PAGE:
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  • Eri AYANO, Hideko KANAZAWA
    Type: Reviews
    2014 Volume 30 Issue 1 Pages 167-173
    Published: January 10, 2014
    Released: January 10, 2014
    JOURNALS FREE ACCESS
    Polymers that respond to small changes in environmental stimuli with large, sometimes discontinuous changes in their physical state or properties, are often called “smart” polymers. Poly(N-isopropylacrylamide), PNIPAAm, is one of the most representative smart polymer that exhibits a thermally reversible soluble-insoluble change in the vicinity of its lower critical solution temperature (LCST) at 32°C in aqueous solution. Temperature-responsive chromatography for the separation of biomolecules utilizing the poly(N-isopropylacrylamide) (PNIPAAm)-modified stationary phase is performed with an aqueous mobile phase without using an organic solvent. The surface properties and function of the stationary phase are controlled by external temperature changes without changing the mobile-phase composition. The separation of the biomolecules, such as nucleotides, was achieved by a dual temperature- and pH-responsive chromatography system. The electrostatic and hydrophobic interactions could be modulated simultaneously with the temperature in an aqueous mobile phase. Additionally, we also prepared functional copolymers composed of N-isopropylacrylamide (NIPAAm) and amino acid derivative or naphthyl alanine derivative, which have temperature-responsiveness and molecular recognition. These separation systems would have potential applications in the separation of biomolecules.
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  • Koichi CHIBA, Tomohiro NARUKAWA
    Type: Reviews
    2014 Volume 30 Issue 1 Pages 175-181
    Published: January 10, 2014
    Released: January 10, 2014
    JOURNALS FREE ACCESS
    Inductively coupled plasma mass spectrometry (ICP-MS) is of great value to researchers concerned with inorganic analytical chemistry as well as to engineers performing elemental analysis. However, the effects of the plasma reactions on ICP spectrometry are still incompletely understood and they sometimes introduce severe problems for measurements, such as spectral interferences. When we determine arsenic (As) by ICP-MS or ICP-AES, we observe two interesting plasma phenomena; one is the incoherent molecular formation (IMF) effect in the plasma, and the other the selective and partial oxygenation of ions with O2 gas in a dynamic reaction cell. The mechanisms of the IMF effect and selective oxygenation of As with a reaction gas were investigated and the techniques to remove their influence on As determination are discussed.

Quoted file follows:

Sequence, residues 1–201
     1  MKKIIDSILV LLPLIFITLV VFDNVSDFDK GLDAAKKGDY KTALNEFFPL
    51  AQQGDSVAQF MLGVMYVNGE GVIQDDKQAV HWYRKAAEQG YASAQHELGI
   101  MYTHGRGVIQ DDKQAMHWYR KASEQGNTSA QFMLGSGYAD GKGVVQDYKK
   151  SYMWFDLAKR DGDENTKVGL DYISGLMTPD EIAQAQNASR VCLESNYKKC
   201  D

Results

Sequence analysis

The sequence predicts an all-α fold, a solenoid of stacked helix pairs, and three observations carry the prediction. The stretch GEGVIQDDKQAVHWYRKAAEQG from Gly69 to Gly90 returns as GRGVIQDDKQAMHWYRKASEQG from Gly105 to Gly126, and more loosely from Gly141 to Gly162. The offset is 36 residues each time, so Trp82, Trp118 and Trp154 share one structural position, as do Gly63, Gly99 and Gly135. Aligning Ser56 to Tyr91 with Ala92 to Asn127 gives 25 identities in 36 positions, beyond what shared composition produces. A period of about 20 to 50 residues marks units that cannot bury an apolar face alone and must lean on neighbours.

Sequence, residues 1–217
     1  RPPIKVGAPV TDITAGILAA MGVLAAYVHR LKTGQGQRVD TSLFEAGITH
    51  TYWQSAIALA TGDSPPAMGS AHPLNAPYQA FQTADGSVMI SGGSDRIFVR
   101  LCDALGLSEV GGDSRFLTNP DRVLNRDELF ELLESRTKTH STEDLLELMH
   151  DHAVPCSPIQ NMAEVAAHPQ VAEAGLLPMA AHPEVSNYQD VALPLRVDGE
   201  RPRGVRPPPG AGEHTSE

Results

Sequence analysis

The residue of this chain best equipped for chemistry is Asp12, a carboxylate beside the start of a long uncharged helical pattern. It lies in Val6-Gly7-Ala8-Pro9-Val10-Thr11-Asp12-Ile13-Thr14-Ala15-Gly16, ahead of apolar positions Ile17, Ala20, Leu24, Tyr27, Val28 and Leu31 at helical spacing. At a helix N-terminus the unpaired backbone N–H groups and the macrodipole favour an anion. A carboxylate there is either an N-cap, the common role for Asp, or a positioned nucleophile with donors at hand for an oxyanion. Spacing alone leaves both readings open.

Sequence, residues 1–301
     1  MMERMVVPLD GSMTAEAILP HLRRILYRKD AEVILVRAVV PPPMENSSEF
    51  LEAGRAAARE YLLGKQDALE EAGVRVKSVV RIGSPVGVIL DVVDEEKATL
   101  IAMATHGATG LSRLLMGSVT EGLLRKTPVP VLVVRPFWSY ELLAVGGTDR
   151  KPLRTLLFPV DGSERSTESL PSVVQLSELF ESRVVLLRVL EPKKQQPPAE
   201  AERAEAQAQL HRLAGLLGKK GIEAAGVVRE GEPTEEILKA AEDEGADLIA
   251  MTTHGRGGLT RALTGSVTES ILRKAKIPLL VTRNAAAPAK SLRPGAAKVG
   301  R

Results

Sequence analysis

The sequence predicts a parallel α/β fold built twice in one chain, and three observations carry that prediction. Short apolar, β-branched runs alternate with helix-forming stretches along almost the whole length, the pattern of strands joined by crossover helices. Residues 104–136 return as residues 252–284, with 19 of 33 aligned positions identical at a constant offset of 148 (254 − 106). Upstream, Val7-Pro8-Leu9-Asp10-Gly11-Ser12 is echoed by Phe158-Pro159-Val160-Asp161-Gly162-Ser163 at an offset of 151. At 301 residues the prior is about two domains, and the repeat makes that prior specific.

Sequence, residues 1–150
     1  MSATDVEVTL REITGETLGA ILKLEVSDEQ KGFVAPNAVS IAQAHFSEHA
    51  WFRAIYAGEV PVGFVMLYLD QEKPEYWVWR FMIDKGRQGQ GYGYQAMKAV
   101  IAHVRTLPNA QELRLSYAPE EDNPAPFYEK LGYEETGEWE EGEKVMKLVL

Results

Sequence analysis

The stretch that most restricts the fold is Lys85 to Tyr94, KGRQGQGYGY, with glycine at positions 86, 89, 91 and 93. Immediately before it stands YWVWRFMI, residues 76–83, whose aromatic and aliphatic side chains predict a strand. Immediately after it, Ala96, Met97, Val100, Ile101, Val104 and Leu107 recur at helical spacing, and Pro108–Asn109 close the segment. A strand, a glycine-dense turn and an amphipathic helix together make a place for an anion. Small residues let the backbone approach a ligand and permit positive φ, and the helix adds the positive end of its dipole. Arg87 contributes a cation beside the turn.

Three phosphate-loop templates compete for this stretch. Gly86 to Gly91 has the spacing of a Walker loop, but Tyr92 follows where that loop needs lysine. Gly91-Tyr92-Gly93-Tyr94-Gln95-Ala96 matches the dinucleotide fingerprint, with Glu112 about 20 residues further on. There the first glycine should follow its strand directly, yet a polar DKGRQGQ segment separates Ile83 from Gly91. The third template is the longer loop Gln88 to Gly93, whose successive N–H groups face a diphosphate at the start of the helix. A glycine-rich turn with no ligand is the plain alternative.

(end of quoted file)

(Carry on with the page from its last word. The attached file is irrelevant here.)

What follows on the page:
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  • Cheng-Huang LIN, Yi-San HE, Chien-Hung LIN, Gang-Ting FAN, Hsin-Kai CH ...
    Type: Reviews
    2014 Volume 30 Issue 1 Pages 183-191
    Published: January 10, 2014
    Released: January 10, 2014
    JOURNALS FREE ACCESS
    This mini-review introduces a general understanding of the use of a milli-whistle as a gas chromatography (GC) detector in gas analysis, including our research on the methodology and theory associated with a number of different related applications. The milli-whistle is connected to the outlet of a GC capillary, and when the eluted gases and the GC carrier gas pass through it, a sound with a fundamental frequency is produced. The sound wave can be picked up by a microphone or an accelerometer, and after a fast Fourier transform, the online data obtained for frequency-change vs. retention time constitute a new method for detecting gases. The first part of this review discusses the fundamentals of the milli-whistle. Some modifications are also discussed, including various types of whistles and an attempt to maximize the sensitivity and stability of the method. The second part then focuses on several practical applications, including an analysis of hydrogen released from ammonia borane, inorganic gases produced from fireworks, the CO2/O2 ratio from expired human breath and a purity test for alcohols. These studies show that the GC-whistle method has great potential for use as a fast sampling ionization method, and for the direct analysis of biological and chemical samples at under ambient conditions.